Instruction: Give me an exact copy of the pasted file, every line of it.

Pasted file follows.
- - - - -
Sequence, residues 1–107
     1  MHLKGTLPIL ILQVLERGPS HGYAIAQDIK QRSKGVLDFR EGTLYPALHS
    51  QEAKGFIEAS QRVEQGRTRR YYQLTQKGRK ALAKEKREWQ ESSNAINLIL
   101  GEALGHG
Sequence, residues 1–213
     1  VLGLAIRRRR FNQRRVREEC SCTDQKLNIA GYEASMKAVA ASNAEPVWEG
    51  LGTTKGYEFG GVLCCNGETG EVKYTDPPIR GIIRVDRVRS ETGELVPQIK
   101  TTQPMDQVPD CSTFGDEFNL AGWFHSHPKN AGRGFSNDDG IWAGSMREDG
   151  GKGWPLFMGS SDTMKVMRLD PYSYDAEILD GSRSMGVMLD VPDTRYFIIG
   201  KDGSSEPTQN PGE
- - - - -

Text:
Sequence, residues 1–107
     1  MHLKGTLPIL ILQVLERGPS HGYAIAQDIK QRSKGVLDFR EGTLYPALHS
    51  QEAKGFIEAS QRVEQGRTRR YYQLTQKGRK ALAKEKREWQ ESSNAINLIL
   101  GEALGHG
Sequence, residues 1–213
     1  VLGLAIRRRR FNQRRVREEC SCTDQKLNIA GYEASMKAVA ASNAEPVWEG
    51  LGTTKGYEFG GVLCCNGETG EVKYTDPPIR GIIRVDRVRS ETGELVPQIK
   101  TTQPMDQVPD CSTFGDEFNL AGWFHSHPKN AGRGFSNDDG IWAGSMREDG
   151  GKGWPLFMGS SDTMKVMRLD PYSYDAEILD GSRSMGVMLD VPDTRYFIIG
   201  KDGSSEPTQN PGE